Regardless of all the monotonous and uneventful chores around home that have to be done, there can be excitement and suspense.
One black cat, with a white tip on his tail, from a litter of about five or six, born under our tool house, remained. While we were away, all his kin were either picked up by the Animal Humane Society or disappeared by some other means.
Having sympathy for all animals, we decided to feed the cat. We bought wet and dry cat food and fed him every morning and evening, as if he were a normal house cat. The cat refuses to change; it is still wild. We named him The Wild One, because he runs for cover and returns to eat only after we leave the scene.
We had a problem; who would feed Wild One while we were away? We decided to open a window in the tool house and provide a hole just large enough for Wild One to get in to feed. During the summer months and cold, winter, our plan worked very well, but the plan didn’t last. After a few days, I examined the hole in the window and found it covered with black hair.
Last week returning from out of town, we opened the tool house door and found what looked like the destructive work of an angry, vicious intruder. All the shelves had been emptied onto the floor, and all the floor items were in disarray. What had done this? Was it a lynx or an ocelot? Or what . . . ? A ground hog had been seen several times in the back yard. It was certainly not the wild cat we were feeding, or probably not even the ground hog, since it is not their nature to do such destructive damage. It had to be some hostile animal, because the door remained locked. The alarming thought was that we had to deal with something large, and probably dangerous, some unimaginable intruder. So we set a trap.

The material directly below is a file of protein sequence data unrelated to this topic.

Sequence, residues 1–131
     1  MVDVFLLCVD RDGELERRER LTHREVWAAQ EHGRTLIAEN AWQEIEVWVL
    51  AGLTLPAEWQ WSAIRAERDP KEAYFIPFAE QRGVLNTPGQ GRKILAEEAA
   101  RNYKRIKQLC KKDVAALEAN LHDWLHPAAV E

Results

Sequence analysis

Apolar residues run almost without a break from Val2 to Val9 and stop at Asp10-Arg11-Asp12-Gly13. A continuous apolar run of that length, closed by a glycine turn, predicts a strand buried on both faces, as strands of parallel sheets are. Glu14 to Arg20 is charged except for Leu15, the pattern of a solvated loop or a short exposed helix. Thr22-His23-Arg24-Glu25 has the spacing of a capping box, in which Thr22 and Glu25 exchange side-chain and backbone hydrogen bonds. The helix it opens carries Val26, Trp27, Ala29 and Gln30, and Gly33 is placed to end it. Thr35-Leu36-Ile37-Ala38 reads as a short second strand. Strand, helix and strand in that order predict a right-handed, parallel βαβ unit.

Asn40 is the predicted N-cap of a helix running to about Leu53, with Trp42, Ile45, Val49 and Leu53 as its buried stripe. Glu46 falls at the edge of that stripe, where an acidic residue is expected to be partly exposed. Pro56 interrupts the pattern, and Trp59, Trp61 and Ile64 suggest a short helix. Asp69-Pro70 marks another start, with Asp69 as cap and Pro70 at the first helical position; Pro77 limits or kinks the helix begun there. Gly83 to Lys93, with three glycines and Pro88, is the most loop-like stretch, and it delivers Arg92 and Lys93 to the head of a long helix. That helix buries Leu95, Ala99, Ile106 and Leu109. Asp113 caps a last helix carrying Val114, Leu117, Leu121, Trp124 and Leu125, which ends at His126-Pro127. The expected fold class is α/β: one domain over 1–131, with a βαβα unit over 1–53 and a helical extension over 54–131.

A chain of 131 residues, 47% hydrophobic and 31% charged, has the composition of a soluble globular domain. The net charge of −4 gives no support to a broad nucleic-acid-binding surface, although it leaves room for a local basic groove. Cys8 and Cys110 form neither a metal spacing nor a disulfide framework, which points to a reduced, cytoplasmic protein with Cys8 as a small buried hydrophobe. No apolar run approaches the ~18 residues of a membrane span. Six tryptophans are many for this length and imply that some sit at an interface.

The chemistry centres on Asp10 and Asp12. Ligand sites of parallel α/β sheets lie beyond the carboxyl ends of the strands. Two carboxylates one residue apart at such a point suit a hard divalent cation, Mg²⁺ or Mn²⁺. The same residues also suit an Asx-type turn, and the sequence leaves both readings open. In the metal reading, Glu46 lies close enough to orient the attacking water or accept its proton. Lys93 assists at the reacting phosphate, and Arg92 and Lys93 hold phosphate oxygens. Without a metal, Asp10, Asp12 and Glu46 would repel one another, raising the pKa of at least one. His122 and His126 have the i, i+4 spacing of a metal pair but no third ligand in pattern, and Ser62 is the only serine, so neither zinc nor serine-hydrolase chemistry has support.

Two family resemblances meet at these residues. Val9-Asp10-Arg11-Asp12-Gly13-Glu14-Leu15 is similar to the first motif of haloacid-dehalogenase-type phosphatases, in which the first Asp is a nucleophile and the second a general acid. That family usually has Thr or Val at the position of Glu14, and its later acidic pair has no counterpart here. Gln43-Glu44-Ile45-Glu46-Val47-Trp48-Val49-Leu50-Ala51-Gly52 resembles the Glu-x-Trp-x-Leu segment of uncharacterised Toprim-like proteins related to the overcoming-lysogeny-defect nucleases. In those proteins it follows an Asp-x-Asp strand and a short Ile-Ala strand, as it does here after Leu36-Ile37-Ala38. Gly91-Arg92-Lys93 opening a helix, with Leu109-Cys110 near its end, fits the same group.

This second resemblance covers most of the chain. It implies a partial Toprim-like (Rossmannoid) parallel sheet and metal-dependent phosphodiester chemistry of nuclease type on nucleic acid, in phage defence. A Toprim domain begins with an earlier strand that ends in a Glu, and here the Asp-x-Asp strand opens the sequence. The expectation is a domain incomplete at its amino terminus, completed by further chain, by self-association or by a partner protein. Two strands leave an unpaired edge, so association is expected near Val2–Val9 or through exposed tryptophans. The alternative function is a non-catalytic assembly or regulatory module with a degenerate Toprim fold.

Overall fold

Suddenly, while brushing my teeth about eleven o’clock that night, I heard the snapping sound of the trap indicating that something had been trapped, thinking maybe it was the ground hog. Regardless, it was an exciting and suspenseful sound, catching the intruder that has been raiding our tool house. My wife worried that we had trapped Wild One.
Going out to the tool house, especially at night, was certainly not a good idea. The decision was to investigate the matter the following morning. It could be dangerous, even in daylight. I could hardly wait til morning.
At sunrise, swinging open the tool house door, there, peering at me through the heavy wire cage was none other than an angry, full grown, healthy looking raccoon. At that emotional moment, my thoughts ran wild. I moved my hand close to the cage, he growled and snarled; I quickly withdrew my hand. I felt like that raccoon was calling me every name in the book for trapping him. He was so desperate to get out that he had moved the cage across the floor, bumping and shaking it all through the night. The most amazing thing, however, was that he had pulled a two-foot square heavy piece of carpet into the cage through a one inch square opening in the heavy gauge wire. He apparently gave up getting another piece of carpet into the cage, because it was lodged halfway in and halfway out of the cage.
I was horrified of being attacked, had I taken the raccoon out into the country and removed it from the trap, as planed. So, I called the County Animal Protection Department and an officer arrived. The racoon was snarling, kicking, pawing, and growling, as the officer removed him from the trap and put him into another cage.
The officer assured me that the raccoon would not be killed, instead, taken to a new home. Thus . . . ending the excitement and suspense of another night in my life!
Bond lives in Richmond Hill, where he occasionally writes columns about things that interest him.